[Previously by Thomas Allen: Time To Cap The Refugee Industry]
America is opening its doors to "religious minorities from Iran."
Buried in this year's $373 billion spending bill is the annual reauthorization of the Lautenberg Amendment—now known as the Specter Amendment after its new principle sponsor, Senator Arlen Specter (D-PA). The Amendment, originally designed for Soviet Jews, is the gold standard for (expedited, subsidized) immigrant importation into in the U.S. All ethnic lobbies aspire to their own version.
This year, it was expanded to include "religious minorities from Iran" including Baha'is, Christians, Zoroastrians and Jews. The bill was a legislative priority of the Refugee Industry, especially the Hebrew Immigrant Aid Society (HIAS).
HIAS head Leonard Glickman gloated:
"Religious minority refugee applicants from the former Soviet Union and Iran will now have greatly increased access to the [U.S.] refugee program....The entire Jewish community and others helped by this program should join us in celebrating the passage of the Specter Amendment because it will have a direct impact on many needy and worthy Jews from the former Soviet Union and Iran." [HIAS Press release]
Why Iran? Does Glickman know something we don't?
Probably not. A likelier explanation: HIAS, like the rest of the Refugee Industry, is just after the U.S. taxpayer's dollar.
There are only 25,000 Jews in Iran. Though HIAS is one of the main beneficiaries of the bill, perhaps half of the Iranian migrants it processes are not Jewish.
The Refugee Industry likes the Lautenberg/ Specter model because it dispenses with any boring need to establish that its immigrant clients are, in fact, refugees. Instead, Congress just decrees that anyone in a specified group is to be regarded as persecuted i.e. all Jews in the former Soviet Union.
These favored immigrants meet a U.S. legal definition of "refugee." But as virtually all experts from all points of the immigration opinion spectrum agree, in the main they are not refugees.
Which is a wonderful racket. An officially-designated refugee gets instant access to all welfare as well as a wealth of federal handouts. For the elderly, it means a retirement plan courtesy of the U.S. taxpayer, 30 days after arrival.
Defending this racket is how the Lautenberg Amendment was conceived. In the 1980s the Soviet Union allowed increased levels of Jewish emigration. Exiting the old USSR with visas for Israel, most would deplane either in Vienna or Italy and seek entry into the U.S. as refugees. Automatically approved by the U.S. Consulate, their next stop was New York. The taxpayer footed the bill for airfare—and absorbed the fees charged by "refugee contractors," Non-Governmental Organizations like HIAS whose role is to hustle the new arrivals onto welfare programs.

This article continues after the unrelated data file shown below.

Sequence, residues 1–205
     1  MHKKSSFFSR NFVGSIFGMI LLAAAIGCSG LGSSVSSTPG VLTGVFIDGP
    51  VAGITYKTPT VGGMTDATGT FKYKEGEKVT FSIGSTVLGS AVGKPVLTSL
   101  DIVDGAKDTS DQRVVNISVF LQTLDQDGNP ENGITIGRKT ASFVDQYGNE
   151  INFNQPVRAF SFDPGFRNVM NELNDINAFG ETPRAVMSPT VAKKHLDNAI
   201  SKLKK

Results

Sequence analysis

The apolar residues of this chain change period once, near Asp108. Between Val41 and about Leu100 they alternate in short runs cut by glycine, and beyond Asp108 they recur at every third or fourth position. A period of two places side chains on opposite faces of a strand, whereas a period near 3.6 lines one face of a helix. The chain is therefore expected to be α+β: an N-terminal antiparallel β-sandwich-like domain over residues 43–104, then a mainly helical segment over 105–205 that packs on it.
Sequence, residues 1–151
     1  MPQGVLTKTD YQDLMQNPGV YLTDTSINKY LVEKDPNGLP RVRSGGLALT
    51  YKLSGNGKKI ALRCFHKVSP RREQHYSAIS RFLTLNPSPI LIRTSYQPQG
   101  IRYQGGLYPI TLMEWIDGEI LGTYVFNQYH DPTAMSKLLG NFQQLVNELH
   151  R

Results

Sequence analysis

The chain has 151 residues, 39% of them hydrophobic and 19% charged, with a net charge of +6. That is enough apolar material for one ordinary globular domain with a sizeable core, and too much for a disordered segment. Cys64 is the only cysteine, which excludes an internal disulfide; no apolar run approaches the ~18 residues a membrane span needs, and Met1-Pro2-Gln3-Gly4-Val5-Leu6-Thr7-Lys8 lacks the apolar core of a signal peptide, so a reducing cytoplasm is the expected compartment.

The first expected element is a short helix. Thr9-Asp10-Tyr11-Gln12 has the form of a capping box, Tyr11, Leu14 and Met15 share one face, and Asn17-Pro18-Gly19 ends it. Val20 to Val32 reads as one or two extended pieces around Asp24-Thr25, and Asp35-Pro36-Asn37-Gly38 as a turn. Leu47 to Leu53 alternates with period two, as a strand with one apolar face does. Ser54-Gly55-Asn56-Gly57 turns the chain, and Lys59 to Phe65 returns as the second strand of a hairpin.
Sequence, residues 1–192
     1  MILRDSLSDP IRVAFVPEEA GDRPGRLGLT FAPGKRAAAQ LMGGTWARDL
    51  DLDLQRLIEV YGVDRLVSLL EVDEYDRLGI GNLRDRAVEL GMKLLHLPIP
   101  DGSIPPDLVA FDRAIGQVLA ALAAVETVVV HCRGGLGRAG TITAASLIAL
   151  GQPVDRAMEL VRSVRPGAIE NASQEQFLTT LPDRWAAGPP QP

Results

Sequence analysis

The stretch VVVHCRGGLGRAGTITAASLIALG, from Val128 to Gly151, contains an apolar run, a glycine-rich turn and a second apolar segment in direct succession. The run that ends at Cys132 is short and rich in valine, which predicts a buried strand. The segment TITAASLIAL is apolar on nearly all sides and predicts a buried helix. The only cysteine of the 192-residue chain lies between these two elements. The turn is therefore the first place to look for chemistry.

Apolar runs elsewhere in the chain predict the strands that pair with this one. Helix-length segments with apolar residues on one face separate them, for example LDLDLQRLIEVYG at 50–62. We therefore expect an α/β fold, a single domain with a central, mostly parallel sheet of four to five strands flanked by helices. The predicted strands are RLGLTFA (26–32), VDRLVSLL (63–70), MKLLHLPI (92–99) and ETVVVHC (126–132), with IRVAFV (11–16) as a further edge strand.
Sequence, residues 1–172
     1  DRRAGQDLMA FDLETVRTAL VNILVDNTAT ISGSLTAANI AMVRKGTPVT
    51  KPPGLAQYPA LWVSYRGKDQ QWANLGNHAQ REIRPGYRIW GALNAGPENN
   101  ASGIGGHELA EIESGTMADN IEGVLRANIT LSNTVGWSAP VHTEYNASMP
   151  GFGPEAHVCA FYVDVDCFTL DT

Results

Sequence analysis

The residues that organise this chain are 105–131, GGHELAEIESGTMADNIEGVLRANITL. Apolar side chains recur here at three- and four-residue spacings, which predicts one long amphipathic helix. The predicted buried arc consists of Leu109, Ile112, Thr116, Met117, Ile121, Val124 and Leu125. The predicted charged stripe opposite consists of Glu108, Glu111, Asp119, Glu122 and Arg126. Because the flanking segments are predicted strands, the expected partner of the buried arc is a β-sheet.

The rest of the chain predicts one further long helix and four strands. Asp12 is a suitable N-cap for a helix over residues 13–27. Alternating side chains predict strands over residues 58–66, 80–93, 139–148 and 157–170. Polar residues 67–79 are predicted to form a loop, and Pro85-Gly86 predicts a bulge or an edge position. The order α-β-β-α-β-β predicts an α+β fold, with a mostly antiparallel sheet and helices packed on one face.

In 1988, the Reagan Administration began using more common-sense criteria. Many Soviet emigrants no longer qualified as refugees because they were not, well…refugees.
Needless to say, the Refugee Industry hated this. And it lobbied Congress to pass the Lautenberg Amendment—quasi-automatic acceptance into the U.S. for an array of special groups including Jews and some other fig-leaf minorities.
The Lautenberg Amendment has been the main vehicle of Jewish immigration to the U.S. from the old USSR—a total of perhaps 400,000. But, today, for various reasons, the flow of refugees are a mere fraction of the original totals and most are non-Jews, usually evangelicals.
This is a problem for HIAS. Like other federal refugee program contractors, HIAS is paid by the U.S. government to manage the refugee program on a per refugee basis and to hand out millions once the refugees reach U.S. shores. It is also paid for activities overseas. For example, it provides courses in 'CO' (Cultural Orientation) to refugees. And it functions as an OPE (Overseas Processing Entity) to those navigating the refugee placement bureaucracy. A robust and uninterrupted refugee pipeline is essential for business. And it's big a business: HIA revenues were $8.5 million in 2003.
Enter Iran. It has one of the highest concentrations of UN-recognized refugees (i.e. potential clients for the Refugee Industry) in the world. The U.S. has no diplomatic relations with Iran, but Austria does. Through immigrant social networks—undoubtedly aided and abetted by federal contractors—it became known that Austria was pretty much rubber-stamping special visa applications from Iran with the understanding that these immigrants would stop only temporarily in Vienna on their way to the U.S. as refugees.
But most of these emigrants were not refugees by any common sense definition, let alone that of the U.N. A relatively small number were being rejected by the U.S. They would then refuse to go home or elsewhere, even though many could have gotten visas to other countries. A small number, less than 1,000, had piled up in Austria, becoming a burden to the Austrian state, their relatives in the U.S. and HIAS.
The refugee pipeline had to be kept full and flowing. And a legislative champion was found to make it happen—Senator Specter.
It's impossible to speculate on eventual numbers coming in on the new provisions of the Specter Amendment. The numbers are small now (less than 1,000 a year). But these programs tend to become self-propagating, as we have seen with the original Lautenberg Amendment.
Although there are relatively few Jews left in Iran, religious minorities do comprise 2 percent of Iran's 69 million people. That is, about 1.4 million potential "refugees" have just been given the right to come here.
Thomas Allen (email him) is a recovering refugee worker.